Breyer then gets to the core of this case- whether or not punitive damages can be a function of injury done to non-litigants. First, the Constitution guarantees the defendant the right to every possible defense, a right that would be would abridged for obvious reasons if non-litigants were considered in damages. Next, the Court argues that the consideration of non-litigants would add a “standardless dimension” to punitive damages since there are theoretically a nearly infinite number of individuals who are affected to some degree by the decision of any major company.
Up to this point, the Court’s ruling hardly seems contentious. The majority’s next argument follows:
Respondent argues that she is free to show harm to other victims because it is relevant to a different part of the punitive damages constitutional equation, namely, reprehensibility. That is to say, harm to others shows more reprehensible conduct. Philip Morris, in turn, does not deny that a plaintiff may show harm to others in order to demonstrate reprehensibility. Nor do we. Evidence of actual harm to nonparties can help to show that the con- duct that harmed the plaintiff also posed a substantial risk of harm to the general public, and so was particularly reprehensible—… Yet for the reasons given above, a jury may not go further than this and use a punitive damages verdict to punish a defendant directly on account of harms it is alleged to have visited on nonparties.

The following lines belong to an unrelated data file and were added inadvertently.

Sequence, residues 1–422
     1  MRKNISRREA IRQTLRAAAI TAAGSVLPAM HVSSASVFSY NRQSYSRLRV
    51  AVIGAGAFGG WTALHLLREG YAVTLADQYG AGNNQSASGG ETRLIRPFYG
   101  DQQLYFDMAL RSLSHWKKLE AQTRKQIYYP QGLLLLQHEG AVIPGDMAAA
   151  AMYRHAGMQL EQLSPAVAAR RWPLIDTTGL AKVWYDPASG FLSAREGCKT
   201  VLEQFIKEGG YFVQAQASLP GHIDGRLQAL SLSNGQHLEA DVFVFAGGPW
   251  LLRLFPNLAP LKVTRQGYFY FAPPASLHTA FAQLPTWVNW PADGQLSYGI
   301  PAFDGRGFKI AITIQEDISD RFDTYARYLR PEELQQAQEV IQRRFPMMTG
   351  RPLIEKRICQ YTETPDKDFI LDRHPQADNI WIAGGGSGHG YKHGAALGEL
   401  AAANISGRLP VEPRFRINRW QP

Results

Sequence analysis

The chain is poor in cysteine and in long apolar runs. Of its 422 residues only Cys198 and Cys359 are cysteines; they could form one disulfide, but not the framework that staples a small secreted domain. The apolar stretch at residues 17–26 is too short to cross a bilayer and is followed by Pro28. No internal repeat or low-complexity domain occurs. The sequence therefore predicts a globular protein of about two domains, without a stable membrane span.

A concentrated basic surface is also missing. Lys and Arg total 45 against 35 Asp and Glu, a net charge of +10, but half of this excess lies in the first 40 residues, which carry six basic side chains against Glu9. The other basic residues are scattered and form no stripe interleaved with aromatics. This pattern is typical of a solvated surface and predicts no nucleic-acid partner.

The Court rules that a jury may consider non-litigants in determining the reprehensibility of a crime, but they may not directly punish the defendant for injuries sustained by those parties.
The dissenting opinions in this case came as quite as quite a surprise. Oddly enough, the four Justices who are normally considered to be on the farthest ends of the ideological spectrum came full circle to be on the same side of this case. Justices Stevens and Thomas filed their own opinions and Justices Scalia and Thomas joined on Justice Ginsburg’s opinion.